In recent months, scientists have described a new layer in the cornea of the human eye and a long-overlooked ligament in the knee. In our modern age of imaging and other advanced medical technologies, how is it possible that we still don’t know everything there is to know about our anatomy?
Despite a long history of fascination with the human body, experts say, holes continue to exist in our knowledge because we are enormously complex creatures. What’s more, there’s a lot of variation from one person to the next. Reality is a far cry from the clear and colourful pictures in anatomy textbooks. As medical students begin the reverent work of cadaver dissection, the complexities can be overwhelming.
“When students open up the body for the first time, it’s really hard. It’s really confusing,” says Daniel Schmitt, an evolutionary anthropologist and course director for human gross anatomy at Duke University, North Carolina. “It’s like getting up close to a pointillist painting where you just see dots,” he says. “It’s like going to a new city, a new country, a new world. They just haven’t anticipated what it’s going to be like. It’s beautiful, but the first reaction of many students is: ‘It’s too hard. I can’t do this.'”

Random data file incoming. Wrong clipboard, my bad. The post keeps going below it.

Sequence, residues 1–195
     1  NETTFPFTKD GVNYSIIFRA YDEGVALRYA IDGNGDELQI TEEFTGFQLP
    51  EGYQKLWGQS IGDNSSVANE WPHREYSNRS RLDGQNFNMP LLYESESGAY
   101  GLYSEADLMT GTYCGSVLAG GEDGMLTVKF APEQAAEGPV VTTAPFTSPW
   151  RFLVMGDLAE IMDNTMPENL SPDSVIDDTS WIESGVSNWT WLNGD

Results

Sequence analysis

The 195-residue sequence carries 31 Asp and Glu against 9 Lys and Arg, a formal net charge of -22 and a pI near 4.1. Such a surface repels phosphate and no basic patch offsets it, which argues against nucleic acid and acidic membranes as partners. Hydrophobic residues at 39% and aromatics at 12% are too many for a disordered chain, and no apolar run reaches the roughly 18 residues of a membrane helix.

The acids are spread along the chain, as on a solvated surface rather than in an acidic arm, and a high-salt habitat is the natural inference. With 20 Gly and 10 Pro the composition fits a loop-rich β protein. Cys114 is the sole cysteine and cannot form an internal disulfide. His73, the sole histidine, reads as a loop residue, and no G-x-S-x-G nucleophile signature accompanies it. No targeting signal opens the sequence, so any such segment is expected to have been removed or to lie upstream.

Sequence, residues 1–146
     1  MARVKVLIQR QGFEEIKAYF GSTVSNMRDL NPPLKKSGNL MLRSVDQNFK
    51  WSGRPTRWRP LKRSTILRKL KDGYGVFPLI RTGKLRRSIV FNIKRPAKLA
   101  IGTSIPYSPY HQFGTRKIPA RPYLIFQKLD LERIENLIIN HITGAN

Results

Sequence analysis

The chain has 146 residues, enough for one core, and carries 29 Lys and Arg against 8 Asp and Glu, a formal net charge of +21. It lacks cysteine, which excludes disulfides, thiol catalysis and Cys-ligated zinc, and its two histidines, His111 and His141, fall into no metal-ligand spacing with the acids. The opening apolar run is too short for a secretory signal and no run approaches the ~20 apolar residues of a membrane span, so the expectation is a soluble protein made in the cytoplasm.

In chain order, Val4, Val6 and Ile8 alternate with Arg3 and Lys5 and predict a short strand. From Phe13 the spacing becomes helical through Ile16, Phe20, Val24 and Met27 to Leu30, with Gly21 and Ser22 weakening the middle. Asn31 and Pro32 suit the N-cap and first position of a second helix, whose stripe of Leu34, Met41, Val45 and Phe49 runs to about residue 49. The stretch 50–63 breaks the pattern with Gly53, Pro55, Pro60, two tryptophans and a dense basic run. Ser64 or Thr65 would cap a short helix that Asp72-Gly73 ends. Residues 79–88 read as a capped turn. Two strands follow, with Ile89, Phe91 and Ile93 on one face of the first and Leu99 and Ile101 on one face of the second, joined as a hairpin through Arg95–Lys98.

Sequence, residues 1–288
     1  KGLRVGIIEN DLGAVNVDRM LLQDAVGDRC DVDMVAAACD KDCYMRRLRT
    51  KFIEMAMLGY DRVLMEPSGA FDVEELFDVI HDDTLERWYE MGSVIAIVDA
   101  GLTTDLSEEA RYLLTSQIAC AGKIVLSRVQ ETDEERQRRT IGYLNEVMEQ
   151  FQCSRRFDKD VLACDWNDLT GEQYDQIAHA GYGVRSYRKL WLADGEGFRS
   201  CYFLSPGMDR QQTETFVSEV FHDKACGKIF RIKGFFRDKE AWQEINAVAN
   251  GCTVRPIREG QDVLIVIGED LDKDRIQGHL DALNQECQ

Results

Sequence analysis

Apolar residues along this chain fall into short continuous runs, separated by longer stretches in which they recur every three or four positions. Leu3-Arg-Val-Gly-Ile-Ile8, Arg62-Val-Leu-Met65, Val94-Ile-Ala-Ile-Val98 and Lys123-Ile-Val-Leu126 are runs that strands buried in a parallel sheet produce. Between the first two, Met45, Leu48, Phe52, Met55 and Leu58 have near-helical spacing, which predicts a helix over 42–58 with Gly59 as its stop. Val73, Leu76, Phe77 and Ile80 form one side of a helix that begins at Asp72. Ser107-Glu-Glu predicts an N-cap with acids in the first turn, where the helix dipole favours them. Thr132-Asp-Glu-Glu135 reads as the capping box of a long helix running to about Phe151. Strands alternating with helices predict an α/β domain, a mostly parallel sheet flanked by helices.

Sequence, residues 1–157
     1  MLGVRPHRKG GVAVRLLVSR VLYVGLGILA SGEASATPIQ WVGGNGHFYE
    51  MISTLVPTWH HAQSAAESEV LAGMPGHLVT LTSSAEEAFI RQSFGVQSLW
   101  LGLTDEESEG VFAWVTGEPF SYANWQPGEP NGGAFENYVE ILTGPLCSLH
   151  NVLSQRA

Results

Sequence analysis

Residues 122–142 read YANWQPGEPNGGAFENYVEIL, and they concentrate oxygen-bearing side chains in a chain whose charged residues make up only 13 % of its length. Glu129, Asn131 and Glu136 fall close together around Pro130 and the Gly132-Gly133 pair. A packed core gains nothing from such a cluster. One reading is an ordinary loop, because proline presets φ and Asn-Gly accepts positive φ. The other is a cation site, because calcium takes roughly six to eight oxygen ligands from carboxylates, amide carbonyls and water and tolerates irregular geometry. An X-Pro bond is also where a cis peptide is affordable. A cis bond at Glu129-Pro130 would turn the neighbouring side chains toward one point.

Gradually, Schmitt says, rules and patterns emerge. As doctors become experts, they learn where to look for structures that tend to appear in the same general areas from one person to the next. But even when surgeons develop intricate knowledge about specific parts of the body, they come to expect the unexpected. There is a muscle in the arm called the palmaris longus, for example, that is absent in about 15 per cent of people. Some people have the muscle in one arm but not the other. Surgeons routinely have to make decisions on the fly when they find that someone’s veins or nerves take unexpected paths. “Human variation is remarkable,” Schmitt says. “Everyone is different.” More here How many human body parts remain undiscovered?